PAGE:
MORE: Why baseball fans tend to side with landlords during a work stoppage

Philadelphia Phillies

Summary prior to blocking: The Phillies had the National League MVP (Bryce Harper) and the runner-up in the National League Cy Young voting (Zack Wheeler) leading the way in 2021, but they still missed the playoffs. Again. And aside from signing Corey Knebel to the bullpen, the front office didn’t do much to convince Philadelphia fans that 2022 will be different.

The top priority post-crash: At the moment, Harper is the only established outfielder. The Phillies turned down their options on Andrew McCutchen and Odubel Herrera (neither was surprising) and they have plenty of fourths and fifths outfielders in those positions right now. They need an outfielder and they need a mid-level bat and Kyle Schwarber is still out there. It makes perfect sense (especially if / when the designated hitter makes it to the National League in 2022 and beyond). If defense is the priority, maybe make a deal with Tampa Bay for Kevin Kiermaier?

Also on the list: At least a dozen new relievers, obviously. Who will play shortstop in 2022? Didi Gregorius is under contract, but had an OPS + of 71 and a bWAR of minus-0.8. Three other players watched at least 10 games at shortstop and had the following on-base percentages: .282, .297, .306. It’s safe to say that there is room to improve performance from that point.

Miami marlins

Summary prior to blocking: The best play of the offseason was signing Sandy Alcantara to an extension that will keep him at the club (unless there is a trade, of course) until at least 2026, with a club option for 2027. Alcantara went unnoticed for the season. last, but it was very, very good, both in the limitation of runs and in the innings. They also signed a needed puncher (Avisail Garcia) and improved their defense behind the plate (Gold Glove winner Jacob Stallings). Oh, and they traded in for Joey Wendle and Louis Head and expanded the club’s cornerstone, Miguel Rojas.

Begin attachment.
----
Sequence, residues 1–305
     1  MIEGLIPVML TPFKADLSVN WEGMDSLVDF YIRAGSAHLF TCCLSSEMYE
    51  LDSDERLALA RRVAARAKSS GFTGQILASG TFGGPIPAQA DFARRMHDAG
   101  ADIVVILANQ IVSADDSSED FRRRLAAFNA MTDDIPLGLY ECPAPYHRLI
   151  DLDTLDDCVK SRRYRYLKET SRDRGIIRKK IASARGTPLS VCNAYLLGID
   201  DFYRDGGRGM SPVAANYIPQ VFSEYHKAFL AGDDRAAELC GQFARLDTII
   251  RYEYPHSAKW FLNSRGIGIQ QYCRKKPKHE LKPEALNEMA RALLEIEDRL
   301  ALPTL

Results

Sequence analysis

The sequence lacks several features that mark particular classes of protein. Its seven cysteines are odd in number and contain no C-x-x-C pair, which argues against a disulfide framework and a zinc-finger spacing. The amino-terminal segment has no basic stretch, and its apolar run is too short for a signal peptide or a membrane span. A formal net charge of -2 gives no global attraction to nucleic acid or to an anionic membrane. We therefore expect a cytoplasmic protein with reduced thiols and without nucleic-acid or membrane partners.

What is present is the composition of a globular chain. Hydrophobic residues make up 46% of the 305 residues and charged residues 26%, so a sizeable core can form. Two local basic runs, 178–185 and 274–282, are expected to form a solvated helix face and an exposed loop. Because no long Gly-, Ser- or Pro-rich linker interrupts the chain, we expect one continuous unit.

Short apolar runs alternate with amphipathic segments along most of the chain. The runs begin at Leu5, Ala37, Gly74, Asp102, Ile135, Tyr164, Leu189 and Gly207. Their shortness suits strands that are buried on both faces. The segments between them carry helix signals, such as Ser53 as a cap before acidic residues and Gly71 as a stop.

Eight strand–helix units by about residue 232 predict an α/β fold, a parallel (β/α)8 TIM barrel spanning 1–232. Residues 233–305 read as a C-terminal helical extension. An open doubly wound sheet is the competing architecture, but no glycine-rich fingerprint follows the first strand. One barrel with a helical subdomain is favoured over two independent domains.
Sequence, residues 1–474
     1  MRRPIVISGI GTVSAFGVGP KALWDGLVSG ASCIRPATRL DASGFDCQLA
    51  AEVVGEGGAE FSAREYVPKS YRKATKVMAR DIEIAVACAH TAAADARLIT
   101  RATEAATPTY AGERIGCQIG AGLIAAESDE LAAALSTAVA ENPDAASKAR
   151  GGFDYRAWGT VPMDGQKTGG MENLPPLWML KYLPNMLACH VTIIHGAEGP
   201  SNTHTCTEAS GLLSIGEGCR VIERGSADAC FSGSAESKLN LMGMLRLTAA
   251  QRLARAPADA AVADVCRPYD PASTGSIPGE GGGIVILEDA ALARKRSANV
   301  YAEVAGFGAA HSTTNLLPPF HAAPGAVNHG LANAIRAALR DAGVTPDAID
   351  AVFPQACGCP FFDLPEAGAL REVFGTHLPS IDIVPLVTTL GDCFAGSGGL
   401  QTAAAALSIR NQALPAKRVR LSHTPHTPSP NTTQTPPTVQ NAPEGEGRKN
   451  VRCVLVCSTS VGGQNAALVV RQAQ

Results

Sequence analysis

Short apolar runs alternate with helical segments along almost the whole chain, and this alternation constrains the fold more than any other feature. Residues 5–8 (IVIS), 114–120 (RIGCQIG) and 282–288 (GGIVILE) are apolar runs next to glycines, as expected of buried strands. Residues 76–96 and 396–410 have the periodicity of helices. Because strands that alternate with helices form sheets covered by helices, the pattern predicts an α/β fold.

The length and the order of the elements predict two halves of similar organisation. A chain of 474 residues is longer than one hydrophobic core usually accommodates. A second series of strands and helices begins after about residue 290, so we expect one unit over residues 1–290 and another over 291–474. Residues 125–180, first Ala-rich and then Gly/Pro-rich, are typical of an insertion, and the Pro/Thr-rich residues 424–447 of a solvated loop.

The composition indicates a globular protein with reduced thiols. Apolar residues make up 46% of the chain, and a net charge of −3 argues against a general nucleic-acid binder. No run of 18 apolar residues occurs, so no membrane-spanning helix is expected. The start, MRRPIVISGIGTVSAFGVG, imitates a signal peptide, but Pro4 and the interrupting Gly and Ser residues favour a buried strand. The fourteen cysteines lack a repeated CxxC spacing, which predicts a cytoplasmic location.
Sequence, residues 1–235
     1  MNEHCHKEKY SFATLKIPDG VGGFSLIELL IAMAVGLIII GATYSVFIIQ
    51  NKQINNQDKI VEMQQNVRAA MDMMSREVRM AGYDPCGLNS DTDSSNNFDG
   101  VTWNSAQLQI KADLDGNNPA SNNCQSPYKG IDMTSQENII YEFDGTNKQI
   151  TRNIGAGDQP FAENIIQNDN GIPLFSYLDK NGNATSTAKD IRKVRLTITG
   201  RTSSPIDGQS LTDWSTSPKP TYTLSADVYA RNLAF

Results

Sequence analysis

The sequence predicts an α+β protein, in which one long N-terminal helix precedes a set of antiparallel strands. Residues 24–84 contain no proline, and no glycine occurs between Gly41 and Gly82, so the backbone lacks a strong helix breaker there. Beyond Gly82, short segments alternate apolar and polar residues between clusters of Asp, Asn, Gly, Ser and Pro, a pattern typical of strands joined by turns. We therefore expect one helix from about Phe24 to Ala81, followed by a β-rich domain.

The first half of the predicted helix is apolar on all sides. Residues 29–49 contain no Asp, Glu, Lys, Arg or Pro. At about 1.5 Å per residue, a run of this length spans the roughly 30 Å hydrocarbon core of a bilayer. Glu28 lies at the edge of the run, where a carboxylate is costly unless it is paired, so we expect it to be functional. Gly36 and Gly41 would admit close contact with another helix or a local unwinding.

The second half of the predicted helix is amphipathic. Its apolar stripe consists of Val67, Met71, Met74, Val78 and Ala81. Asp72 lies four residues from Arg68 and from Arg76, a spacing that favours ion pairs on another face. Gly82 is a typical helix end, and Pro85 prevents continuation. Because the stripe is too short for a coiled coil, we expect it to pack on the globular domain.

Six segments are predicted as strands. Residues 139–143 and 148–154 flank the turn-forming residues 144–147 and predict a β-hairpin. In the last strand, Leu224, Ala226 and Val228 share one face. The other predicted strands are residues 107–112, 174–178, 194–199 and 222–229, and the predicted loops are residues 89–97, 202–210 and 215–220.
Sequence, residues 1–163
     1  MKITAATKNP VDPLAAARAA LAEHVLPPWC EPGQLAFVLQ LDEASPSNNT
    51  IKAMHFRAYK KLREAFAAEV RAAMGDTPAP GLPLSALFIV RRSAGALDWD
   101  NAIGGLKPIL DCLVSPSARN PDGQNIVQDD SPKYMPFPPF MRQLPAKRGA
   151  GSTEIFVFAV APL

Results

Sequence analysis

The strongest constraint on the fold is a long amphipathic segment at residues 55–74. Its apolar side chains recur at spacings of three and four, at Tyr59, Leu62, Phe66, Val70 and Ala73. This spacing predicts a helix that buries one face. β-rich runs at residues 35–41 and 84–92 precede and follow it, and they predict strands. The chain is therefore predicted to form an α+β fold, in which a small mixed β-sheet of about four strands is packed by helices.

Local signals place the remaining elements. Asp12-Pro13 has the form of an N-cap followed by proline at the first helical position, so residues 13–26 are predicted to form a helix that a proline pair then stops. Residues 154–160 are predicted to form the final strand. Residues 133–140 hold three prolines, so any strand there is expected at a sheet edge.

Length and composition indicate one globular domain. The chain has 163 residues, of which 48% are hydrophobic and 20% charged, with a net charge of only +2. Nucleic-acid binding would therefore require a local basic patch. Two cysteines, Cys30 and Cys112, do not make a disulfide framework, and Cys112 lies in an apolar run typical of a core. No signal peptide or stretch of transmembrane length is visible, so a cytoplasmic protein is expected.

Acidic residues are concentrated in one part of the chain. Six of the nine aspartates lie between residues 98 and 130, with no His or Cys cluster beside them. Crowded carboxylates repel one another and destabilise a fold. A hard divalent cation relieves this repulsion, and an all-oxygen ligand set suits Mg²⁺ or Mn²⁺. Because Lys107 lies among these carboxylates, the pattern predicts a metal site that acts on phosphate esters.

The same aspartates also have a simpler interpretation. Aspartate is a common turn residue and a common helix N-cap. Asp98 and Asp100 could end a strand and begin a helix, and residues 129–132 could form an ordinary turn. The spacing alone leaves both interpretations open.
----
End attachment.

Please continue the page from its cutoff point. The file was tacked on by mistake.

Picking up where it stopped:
The top priority post-crash: Even if they didn’t do anything significant after the lockout, the Marlins appear to be better in 2022 than 2021. But signing Garcia was only part of the answer, but not the full answer in the lineup (or outfield). They really could use another bat roaming the lawn in the gardens.

Also on the list: Pitch, especially the bullpen. Same as most teams.

MORE: MLB Free Agency Tracker: Latest Rumors, Deals

Washington Nationals

Summary prior to blocking: They traded pretty much everyone they were able to trade before the July 30 deadline, so they’re probably through. They signed infielder Cesar Hernandez, who is a solid piece of the puzzle.

The top priority post-crash: The Nationals have to address the pitching staff. They need starters and they need relievers. They have a lot of in-house options, of course, but not a lot in the way of reliable producers. They probably won’t compete for the best remaining arms, won’t compete for the playoffs in 2022, barring some kind of minor miracle, but the Nats feel like a great destination for pitchers looking to rebuild their value next season. then re-enter the free agent market after 2022.

Also on the list: And Ryan Zimmerman? The franchise icon has indicated that he wants to play in 2022, but will that happen in DC?